21 Jun AMD EPYC Server CPU Launches With Broad OEM, ODM, ISV, IHV Support

AMD EPYC processor

The server CPU business has never been any easy one for anyone, even for Advanced Micro Devices, who once held 25%-unit share. Many companies have tried and failed to penetrate the enterprise “wall of Intel” the last decade and I have seen one go out of business, one get bought, many cease their development efforts and a many who keep on developing.

Even when I worked at Advanced Micro Devices and the company hit peak server share, the server CPU business was always the hardest to win and even harder to keep. For AMD, it has been a rocky road the past few years for the server division server unit share currently hovers around 1%. Some of the decline was self-inflicted (Barcelona), some were strategic decisions (favoring client over server) and other factors were the competitiveness of Intel’s Core Architecture.

AMD held its official EPYC launch event yesterday in my hometown of Austin, TX, and by the looks of it, the ecosystem is rallying around AMD. Ecosystem support doesn’t mean guaranteed revenue, but I guarantee you can’t have revenue without a strong ecosystem. I wanted to share with you my observations on the launch and also the implications for AMD. Our datacenter analysts also wrote three, deeper dive papers on EPYC RAS features, SPEC CPU 2017, power/performance determinism.

Nuts and bolts and a few surprises

AMD’s new EPYC datacenter processors range between 8 CPU cores and 2.1 GHz at 120W TDP (EPYC 7251) to 32 Cores and 2.2 GHz at 180W TDP (EPYC 7601). And to everyone’s surprise, all EPYC CPUs will have 8 channels of DDR4 2666 MHz memory and 128 PCIe lanes. Intel segments- AMD throws everything and the kitchen sink on every chip, which arguably is simple for OEMs and ODMs.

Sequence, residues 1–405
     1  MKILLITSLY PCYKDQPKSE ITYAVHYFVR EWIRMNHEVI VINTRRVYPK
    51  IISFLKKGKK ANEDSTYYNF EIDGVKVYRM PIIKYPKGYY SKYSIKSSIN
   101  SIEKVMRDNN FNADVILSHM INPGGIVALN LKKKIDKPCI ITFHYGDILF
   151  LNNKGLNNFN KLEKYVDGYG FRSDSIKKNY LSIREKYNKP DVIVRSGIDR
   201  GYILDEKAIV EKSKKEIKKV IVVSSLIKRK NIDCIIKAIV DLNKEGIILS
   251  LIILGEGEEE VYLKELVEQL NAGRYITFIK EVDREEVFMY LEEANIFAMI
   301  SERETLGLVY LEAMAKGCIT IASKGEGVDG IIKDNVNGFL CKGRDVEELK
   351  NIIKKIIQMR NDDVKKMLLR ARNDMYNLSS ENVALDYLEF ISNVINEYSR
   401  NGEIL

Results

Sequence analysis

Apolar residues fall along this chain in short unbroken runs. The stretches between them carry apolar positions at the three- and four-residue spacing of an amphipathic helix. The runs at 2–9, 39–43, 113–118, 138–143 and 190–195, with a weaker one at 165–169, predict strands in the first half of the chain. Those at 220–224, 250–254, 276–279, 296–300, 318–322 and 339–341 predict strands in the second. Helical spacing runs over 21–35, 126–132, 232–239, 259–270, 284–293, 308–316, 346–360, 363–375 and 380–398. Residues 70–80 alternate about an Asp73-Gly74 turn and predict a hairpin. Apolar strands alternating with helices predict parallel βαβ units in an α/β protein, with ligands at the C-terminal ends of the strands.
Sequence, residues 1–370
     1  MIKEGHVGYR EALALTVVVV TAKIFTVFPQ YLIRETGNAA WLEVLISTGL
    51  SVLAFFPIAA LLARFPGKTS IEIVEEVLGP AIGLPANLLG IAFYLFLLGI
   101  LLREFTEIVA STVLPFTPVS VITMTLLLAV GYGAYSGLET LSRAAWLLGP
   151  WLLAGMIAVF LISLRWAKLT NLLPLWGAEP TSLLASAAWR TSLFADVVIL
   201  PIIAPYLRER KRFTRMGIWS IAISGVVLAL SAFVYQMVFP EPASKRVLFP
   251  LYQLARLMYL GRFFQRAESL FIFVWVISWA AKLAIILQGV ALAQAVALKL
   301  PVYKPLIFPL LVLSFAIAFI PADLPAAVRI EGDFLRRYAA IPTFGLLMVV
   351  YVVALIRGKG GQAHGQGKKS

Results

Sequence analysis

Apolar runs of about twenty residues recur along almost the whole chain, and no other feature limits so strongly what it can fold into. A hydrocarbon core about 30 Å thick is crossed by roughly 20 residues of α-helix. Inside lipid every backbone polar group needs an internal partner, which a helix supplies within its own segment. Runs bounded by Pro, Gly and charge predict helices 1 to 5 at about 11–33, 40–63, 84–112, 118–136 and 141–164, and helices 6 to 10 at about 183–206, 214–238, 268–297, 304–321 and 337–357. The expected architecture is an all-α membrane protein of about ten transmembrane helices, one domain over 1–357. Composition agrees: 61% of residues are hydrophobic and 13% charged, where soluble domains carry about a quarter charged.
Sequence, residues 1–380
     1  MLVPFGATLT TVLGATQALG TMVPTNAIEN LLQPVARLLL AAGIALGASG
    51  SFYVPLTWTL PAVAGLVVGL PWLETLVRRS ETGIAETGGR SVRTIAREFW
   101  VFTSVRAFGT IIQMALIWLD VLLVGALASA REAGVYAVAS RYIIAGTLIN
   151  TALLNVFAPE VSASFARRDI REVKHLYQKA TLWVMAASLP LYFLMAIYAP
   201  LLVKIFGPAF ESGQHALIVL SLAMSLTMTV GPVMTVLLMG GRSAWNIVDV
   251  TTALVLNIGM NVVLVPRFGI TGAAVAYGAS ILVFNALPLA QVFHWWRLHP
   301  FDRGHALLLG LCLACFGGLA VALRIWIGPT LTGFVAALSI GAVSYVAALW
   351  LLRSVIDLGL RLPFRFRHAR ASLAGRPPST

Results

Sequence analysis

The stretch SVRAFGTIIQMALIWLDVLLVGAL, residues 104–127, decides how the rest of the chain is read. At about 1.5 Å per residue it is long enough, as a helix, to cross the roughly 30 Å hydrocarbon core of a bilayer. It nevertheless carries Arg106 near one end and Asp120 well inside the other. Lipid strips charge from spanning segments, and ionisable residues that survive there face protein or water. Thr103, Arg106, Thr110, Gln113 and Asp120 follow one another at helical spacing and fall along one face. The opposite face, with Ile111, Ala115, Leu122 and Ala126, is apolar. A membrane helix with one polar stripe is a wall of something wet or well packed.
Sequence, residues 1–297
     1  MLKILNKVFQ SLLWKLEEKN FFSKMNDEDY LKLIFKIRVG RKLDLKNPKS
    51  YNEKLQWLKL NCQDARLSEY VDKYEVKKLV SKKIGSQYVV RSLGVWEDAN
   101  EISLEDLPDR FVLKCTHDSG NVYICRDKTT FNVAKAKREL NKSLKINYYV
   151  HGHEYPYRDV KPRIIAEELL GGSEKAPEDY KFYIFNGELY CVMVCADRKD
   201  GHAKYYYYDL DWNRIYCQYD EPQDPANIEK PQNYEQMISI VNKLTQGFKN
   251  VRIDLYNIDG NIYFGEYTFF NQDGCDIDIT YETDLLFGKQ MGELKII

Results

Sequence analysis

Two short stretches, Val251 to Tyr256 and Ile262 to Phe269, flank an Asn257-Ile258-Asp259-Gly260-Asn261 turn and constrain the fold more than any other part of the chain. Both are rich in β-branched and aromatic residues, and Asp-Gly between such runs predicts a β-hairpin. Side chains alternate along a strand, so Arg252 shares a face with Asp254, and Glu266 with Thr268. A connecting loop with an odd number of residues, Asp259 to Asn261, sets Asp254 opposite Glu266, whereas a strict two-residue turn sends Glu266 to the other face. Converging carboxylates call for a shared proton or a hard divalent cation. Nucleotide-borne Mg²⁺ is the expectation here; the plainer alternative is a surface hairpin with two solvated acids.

AMD’s EPYC processors leverage Infinity Fabric to enable high-performance highly-scalable links between dies and that’s very important as AMD’s die maxes out at 8 cores. Therefore, to go above 8 cores, AMD uses an MCM (multi-chip module) to connect all the cores together. So, for a 32-core EPYC processor, AMD would place four, 8 core dies on the MCM. To AMD’s credit, AMD’s Infinity Fabric scales well right now. In one of its bigger, stealthed moves, AMD also announced today that EPYC has silicon-level security that enables full memory encryption to protect against common attacks of data in memory. There have been some technical papers, but today was the big reveal. Keep your eye on this space as this will be very interesting to see how OEMs, ODMs, CSPs and enterprises use this. EPYC will use GlobalFoundries 14nm LPP which should provide some performance headroom over time. Lisa Su also pointed out that the next step for EPYC will be 7nm, clearly GlobalFoundries.